Wednesday, March 12, 2008

Knew what to say but...

I came across the disorder called Broca’s aphasia (or expressive aphasia), and I was struck by this statement on the wikipedia entry:
Patients who recover go on to say that they knew what they wanted to say but could not express themselves.
That's exactly what people who stutter experience. We know exactly what we want to say but cannot pronounce the words fluently; as opposed to express themselves:
Sufferers of this form of aphasia exhibit the common problem of agrammatism. For them, speech is difficult to initiate, non-fluent, labored, and halting. Intonation and stress patterns are deficient. Language is reduced to disjointed words and sentence construction is poor, omitting function words and inflections (bound morphemes). A person with expressive aphasia might say "Son ... University ... Smart ... Boy ... Good ... Good ... "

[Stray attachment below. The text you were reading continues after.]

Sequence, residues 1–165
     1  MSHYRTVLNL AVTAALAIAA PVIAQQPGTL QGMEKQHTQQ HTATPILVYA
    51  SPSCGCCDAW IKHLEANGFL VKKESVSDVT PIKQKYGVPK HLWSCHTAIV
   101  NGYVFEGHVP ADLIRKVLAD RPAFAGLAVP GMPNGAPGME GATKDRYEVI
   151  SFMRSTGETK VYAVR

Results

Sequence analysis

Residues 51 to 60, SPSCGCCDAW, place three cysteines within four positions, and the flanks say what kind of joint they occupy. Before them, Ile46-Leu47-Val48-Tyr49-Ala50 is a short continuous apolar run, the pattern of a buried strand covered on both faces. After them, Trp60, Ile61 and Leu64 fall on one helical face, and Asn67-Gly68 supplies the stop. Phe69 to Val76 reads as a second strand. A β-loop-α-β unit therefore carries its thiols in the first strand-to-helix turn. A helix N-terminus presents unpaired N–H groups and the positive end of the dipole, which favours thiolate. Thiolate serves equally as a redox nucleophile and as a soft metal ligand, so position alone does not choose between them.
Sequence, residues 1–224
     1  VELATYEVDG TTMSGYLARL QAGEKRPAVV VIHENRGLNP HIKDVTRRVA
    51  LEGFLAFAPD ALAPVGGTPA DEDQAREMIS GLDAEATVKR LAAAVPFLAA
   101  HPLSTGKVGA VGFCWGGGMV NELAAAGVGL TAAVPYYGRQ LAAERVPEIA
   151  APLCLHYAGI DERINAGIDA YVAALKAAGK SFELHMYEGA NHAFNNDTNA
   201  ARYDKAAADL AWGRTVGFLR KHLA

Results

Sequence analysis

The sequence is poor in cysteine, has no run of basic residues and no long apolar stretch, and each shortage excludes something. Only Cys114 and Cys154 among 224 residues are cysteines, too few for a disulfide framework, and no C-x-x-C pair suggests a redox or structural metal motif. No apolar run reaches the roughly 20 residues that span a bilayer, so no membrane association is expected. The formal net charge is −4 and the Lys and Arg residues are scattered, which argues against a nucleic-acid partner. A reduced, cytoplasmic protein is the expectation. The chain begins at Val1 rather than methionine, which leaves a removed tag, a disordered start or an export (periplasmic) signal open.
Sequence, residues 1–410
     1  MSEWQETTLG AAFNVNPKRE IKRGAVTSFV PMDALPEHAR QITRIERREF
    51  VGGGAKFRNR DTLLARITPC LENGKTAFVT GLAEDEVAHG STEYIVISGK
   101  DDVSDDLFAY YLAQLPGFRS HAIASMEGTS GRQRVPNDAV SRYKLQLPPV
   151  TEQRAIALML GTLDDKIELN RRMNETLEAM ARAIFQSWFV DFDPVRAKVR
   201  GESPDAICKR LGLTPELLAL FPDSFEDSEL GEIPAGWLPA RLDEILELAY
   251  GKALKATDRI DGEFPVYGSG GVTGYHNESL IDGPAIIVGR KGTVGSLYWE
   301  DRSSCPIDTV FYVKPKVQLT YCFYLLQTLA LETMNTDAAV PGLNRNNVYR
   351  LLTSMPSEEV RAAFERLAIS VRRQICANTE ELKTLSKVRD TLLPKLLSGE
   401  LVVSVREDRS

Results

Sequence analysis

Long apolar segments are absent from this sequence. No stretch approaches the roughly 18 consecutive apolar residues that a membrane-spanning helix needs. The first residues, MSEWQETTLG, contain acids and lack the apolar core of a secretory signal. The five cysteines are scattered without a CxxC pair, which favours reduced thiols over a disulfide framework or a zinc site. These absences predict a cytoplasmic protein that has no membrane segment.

To summarise, the internal thought processes do not seem to be directly related to speech or grammar: We think somewhere else and our thoughts are coded into grammatically correct sentences, coded into speech motor sequences, and send to our speech muscles. But where do we think? That is a deep puzzle in neuroscience.

3 comments:

Luiza said...

What would it be the Wernicke's area function in this process?

Ora said...

luiza - I don't quite understand your point.

Broca's aphasia is expressive aphasia (difficulties in expression) caused by damage to the Broca area.

Wernicke's aphasia is receptive aphasia (Wikipedia: http://en.wikipedia.org/wiki/Receptive_aphasia), primarily evidenced by impairment of comprehension, caused by damage to the Wernicke area, although expressive ability is also sometimes affected.

Anonymous said...

Tommie Dude...

U can not hide B cauz U R an idiot...

+ I M a stutterer...